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Donald Trump takes N.H. by storm

Story highlights

  • Donald Trump is making some tweaks after his loss in Iowa
  • He's taking questions from the audience and adding events to his schedule

Manchester, New Hampshire (CNN)Still stinging from his first defeat as a presidential candidate, Donald Trump rolled into New Hampshire on Thursday with a new mantra: There is no such thing as too much campaigning.

He also broke from his usual playbook by taking questions from the audience at the first of many events planned for Thursday.
    Trump was originally scheduled to hold two campaign events in the Granite State, but he squeezed in three additional stops including an interview with CNN's Anderson Cooper, a meeting with local business owners and an event with the Manchester Police Department.
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    The bulked-up schedule follows Trump's second-place finish behind Ted Cruz in the Iowa caucuses on Monday.
    Trump's unconventional campaign style was particularly noticeable in Iowa -- a state where retail politics is hugely critical -- and next to Cruz, who crisscrossed the state relentlessly to ensure he had visited all 99 counties. In contrast, Trump opted for large rallies over intimate settings and extended personal interactions with voters, jetting in and out on his private jet and rarely spending the night in the state.
    While the last-minute ramping up of the campaign schedule in New Hampshire doesn't necessarily mean Trump is making substantive changes to the way he is running his campaign, it does at least suggest that he looking to step up his exposure here just days away from next Tuesday's contest.
    Trump spokeswoman Hope Hicks didn't comment on Thursday's schedule.
    In his first event of the day in Exeter, Trump repeatedly emphasized the importance of the New Hampshire race.
    "We're at the beginning of a very, very important last few days. This is really crunch time," he said. "This is going to lead to one of the most important presidential elections, maybe the most important in many, many decades. You're going to play such a big role."
    At one point, Trump used the major hotel project he's working on in Washington to crack a joke about losing the 2016 race. "I'm building a hotel next door, which is also located on Pennsylvania Ave.," he said. "I have an alternative if this doesn't work out: I'll still be on Pennsylvania Ave. one way or another."
    After brief remarks, Trump did something he's largely avoided so far this cycle: take questions from the audience.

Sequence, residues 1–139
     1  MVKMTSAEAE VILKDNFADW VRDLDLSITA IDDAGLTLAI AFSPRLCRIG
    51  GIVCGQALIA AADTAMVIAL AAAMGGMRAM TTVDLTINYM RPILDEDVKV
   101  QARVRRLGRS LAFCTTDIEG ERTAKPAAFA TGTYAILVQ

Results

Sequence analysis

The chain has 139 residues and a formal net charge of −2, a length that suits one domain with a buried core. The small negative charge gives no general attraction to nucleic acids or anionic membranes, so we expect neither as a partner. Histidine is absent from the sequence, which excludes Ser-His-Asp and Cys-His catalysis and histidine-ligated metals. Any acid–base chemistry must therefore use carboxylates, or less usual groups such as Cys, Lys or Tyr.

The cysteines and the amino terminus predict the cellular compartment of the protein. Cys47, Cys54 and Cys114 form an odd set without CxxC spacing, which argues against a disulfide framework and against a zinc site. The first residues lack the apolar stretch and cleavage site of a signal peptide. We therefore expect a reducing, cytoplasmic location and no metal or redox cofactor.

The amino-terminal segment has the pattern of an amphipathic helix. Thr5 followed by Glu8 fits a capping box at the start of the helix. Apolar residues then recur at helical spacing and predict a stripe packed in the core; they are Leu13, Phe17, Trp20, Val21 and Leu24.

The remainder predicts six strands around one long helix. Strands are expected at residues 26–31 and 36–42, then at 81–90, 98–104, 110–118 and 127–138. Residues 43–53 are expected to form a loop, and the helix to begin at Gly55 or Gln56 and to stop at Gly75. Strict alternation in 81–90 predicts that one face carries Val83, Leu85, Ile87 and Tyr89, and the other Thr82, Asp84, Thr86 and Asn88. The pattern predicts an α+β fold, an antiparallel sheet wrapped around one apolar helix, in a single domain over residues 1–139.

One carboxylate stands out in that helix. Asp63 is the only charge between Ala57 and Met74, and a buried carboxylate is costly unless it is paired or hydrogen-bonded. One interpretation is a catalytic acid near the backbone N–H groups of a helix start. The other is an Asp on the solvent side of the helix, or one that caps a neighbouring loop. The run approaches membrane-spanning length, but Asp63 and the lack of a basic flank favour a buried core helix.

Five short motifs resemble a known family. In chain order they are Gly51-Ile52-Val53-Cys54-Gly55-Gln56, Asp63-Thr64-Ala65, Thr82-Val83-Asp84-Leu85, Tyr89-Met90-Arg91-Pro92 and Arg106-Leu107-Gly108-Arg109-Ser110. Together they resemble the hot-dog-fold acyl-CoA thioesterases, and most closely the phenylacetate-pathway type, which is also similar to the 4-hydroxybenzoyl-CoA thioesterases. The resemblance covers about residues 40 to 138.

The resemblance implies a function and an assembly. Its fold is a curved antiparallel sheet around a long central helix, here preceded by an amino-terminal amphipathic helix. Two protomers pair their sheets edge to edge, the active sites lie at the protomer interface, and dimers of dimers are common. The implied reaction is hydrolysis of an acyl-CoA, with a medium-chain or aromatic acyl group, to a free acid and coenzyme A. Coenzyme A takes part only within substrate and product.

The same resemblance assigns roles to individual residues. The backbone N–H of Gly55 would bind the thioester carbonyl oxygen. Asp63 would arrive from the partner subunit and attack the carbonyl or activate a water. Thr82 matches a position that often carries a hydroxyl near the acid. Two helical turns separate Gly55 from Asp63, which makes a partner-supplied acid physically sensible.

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    Seemingly chosen at random, some half dozen individuals asked the candidate about a range of issues, from illegal immigration to Social Security, to corporate inversions and the treatment of veterans.
    The first exchange he had with a woman in the crowd was tense, as she asked about the important role that undocumented immigrants play in taking on jobs that nobody else wants.
    "Who told you to be here? Bernie?" he said, referring to Democratic presidential candidate Bernie Sanders. "You know what the backbone of our country is? People that came here and came here legally ... and they worked their a--es off."
    Nearing the end of the Q&A portion of the event, Trump said he wanted to end things on a high note.
    "It's like Elton John. You always want to finish with a strong song," he said. "If it's a lousy question, I'll take another one."
    In the afternoon, Trump sat down for a CNN interview at a popular local pizza joint here, where the candidate fielded questions from both Cooper and -- for the second time that day -- attendees in the audience.
    Right off the bat, he addressed his recent calls for a rematch in Iowa.
    "I'm so much into this, into New Hampshire, that I just — I don't care about that anymore," Trump said. "This is the place I'm focused on now."
    Recent polls have shown Trump with a significant lead over his competitors in the state, but his loss in Iowa and Marco Rubio's stronger-than-expected finish there could shift the dynamics.
    For all of his usual bombast and confidence, Trump has shown moments of introspection post-Iowa, both about himself and his campaign operations. The candidate who has openly boasted about running a non-traditional campaign admitted Tuesday that he "didn't have much of a ground game" in Iowa, and that he is attempting to be more "understated and statesman-like."